The Good, The Bad & The Badass: Ralph Fiennes

After a few weeks off to cover Sundance, we're back with a look at the long career of an excellent English character actor…

Ralph Fiennes

Ralph Fiennes is among the most unpredictable actors of our generation. Back in the nineties, when he first became a big name (back when people still called him Ralph rather than the appropriate “Ra-fe”) it seemed like he’d go the Mel Gibson or Tom Cruise-root. While he was chilling as unrepentant Nazi Amon Goeth in SCHINDLER’S LIST, QUIZ SHOW and THE ENGLISH PATIENT made him a heartthrob. Alas, his big at American superstardom hit a snag with 1998’s disastrous THE AVENGERS, which paired him with Uma Thurman as sixties spies John Steed and Emma Peel. While a notable flop, Fiennes could have easily bounced back but it seemed to put him on a self-imposed other track, with him focusing his talents on more high-brow, arty fare save for the occasional Hollywood part in movies like RED DRAGON or his no-doubt profitable turn as Voldemort in the HARRY POTTER films.

But then, just when it seemed we had Fiennes pegged as a kind of Laurence Olivier-type, he goes and tears his image to shred with his hilariously profane turn in Martin McDonagh’s IN BRUGES. His first time cast as a so-called “hard-man”, Fiennes went on to other tough guy roles, including a juicy cameo as a contractor in THE HURT LOCKER (for his STRANGE DAYS director Kathryn Bigelow), the title part in the Shakespeare adaptation CORIOLANUS (which he also directed) and finally as the new, decidedly tough M in the James Bond movies.

 Again though, Fiennes reinvented himself with a hilarious turn as Monsieur Gustave in Wes Anderson’s THE GRAND BUDAPEST HOTEL and this week’s HAIL, CAESAR! where he unforgettably tries to teach Alden Ehrenreich how to say “would that it were so simple.”

His Best Work

This is a tough one for Fiennes as he’s so damn good in everything. I’m tempted to go with Goeth in SCHINDLER’S LIST but I must admit I have a soft spot for his turn as Monsieur Gustave in THE GRAND BUDAPEST HOTEL. He’s absolutely brilliant in his pursuit of his older conquests, through his adventures as an inmate and his effete, ultra polite way of dealing with everyone (“hello darling”) save for his occasional, hilarisouly foul outbursts (“What happened, my dear Zero, is I beat the living shit out of a sniveling little runt called Pinky Bandinski, who had the gall to question my virility. Because, if there's one thing we've learned from penny dreadfuls, it's that when you find yourself in a place like this, you must never be a candy ass; you've got to prove yourself from day one.”)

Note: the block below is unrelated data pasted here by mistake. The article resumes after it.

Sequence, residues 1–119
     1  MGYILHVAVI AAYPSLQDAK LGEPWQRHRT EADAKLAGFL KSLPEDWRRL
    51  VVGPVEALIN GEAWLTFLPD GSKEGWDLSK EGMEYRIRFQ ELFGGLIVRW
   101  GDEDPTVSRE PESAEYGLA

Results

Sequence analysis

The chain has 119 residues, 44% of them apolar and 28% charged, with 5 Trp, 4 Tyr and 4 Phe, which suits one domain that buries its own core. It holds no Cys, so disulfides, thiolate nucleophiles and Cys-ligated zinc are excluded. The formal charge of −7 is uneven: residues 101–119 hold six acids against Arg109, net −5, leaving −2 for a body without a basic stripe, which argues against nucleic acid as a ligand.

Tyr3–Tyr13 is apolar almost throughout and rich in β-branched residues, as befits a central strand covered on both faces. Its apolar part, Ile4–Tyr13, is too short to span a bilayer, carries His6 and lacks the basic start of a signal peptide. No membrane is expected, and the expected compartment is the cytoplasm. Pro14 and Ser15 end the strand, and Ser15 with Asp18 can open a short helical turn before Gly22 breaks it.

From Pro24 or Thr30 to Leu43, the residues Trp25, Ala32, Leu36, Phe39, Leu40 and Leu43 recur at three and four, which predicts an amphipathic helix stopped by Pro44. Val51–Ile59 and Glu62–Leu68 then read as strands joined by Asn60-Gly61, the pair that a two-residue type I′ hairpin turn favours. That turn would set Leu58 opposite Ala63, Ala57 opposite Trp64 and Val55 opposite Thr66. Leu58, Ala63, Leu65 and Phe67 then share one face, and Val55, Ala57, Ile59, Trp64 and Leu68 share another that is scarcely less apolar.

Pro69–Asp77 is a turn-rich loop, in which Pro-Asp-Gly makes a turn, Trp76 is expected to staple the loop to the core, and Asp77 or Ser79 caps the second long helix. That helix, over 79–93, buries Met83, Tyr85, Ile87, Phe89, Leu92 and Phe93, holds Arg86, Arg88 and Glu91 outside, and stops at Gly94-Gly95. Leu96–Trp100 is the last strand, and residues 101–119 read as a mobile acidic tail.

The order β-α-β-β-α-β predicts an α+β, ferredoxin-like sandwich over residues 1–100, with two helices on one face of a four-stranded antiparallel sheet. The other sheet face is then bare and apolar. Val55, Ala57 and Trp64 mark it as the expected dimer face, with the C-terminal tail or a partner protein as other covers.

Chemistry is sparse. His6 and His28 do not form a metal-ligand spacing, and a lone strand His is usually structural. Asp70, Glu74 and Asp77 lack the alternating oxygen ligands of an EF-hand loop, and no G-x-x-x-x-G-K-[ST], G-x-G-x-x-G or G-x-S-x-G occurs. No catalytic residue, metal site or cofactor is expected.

His Most Overrated Film

I remember when RED DRAGON came out it got pretty solid reviews, with many having the gall to say Bret Ratner had made a better adaptation of the material than Michael Mann. Rubbish. Luckily people have come around on this nonsensical way of thinking as MANHUNTER is a bloody masterpiece. None of the scenery-chewing big names in RED DRAGON is as good as the lower-key cast was in MANHUNTER, and that includes Fiennes as Dolarhyde, although of everyone else he probably fares the best. Still, Tom Noonan had this part down cold and Fiennes, despite his best efforts, can’t compare.

His Most Underrated Film

The financial failure of STRANGE DAYS is a bloody tragedy. Ten years before THE HURT LOCKER, Bigelow was already at the top of her game with this noirish story set in L.A on the cusp of the millennium. Fiennes plays an American as Lenny Nero, a corrupt ex-cop turned blackmarket dealer in SQUIDS, a blackmarket device that taps into the cerebral cortex and allows users to experience the recorders memories and physical sensations. This is a real gem of a movie that (shamefully) hasn’t even popped up on Blu-Ray although unlike other Lightstorm productions (THE ABYSS & TRUE LIES) at least a decent HD master exists on Netflix. Its incredible this wasn’t a smash as Fiennes was so damn good, while it should have turned co-star Angela Basset into a Sigourney Weaver-style badass. What a shame.

His Best Scene

I almost wet my pants seeing IN BRUGES during Fiennes’ introduction, from his insane reaction to Brendan Gleeson’s message, to his faux-sensitive tete-a-tete with his kids. It’s brilliant.

His Five Best Films


Up Next

As always, Fiennes is much in demand. He’s due to voice Alfred Pennyworth in the LEGO BATMAN MOVIE, co-star in Gary Oldman’s first directorial effort since NIL BY MOUTH – FLYNG HORSE, and a part in the well-received at TIFF  – A BIGGER SPLASH  by I AM LOVE’s Luca Guadagnino


About the Author

Chris Bumbray began his career with JoBlo as the resident film critic (and James Bond expert) way back in 2007, and he has stuck around ever since, being named editor-in-chief in 2021. A voting member of the CCA and a Rotten Tomatoes-approved critic, you can also catch Chris discussing pop culture regularly on CTV News Channel.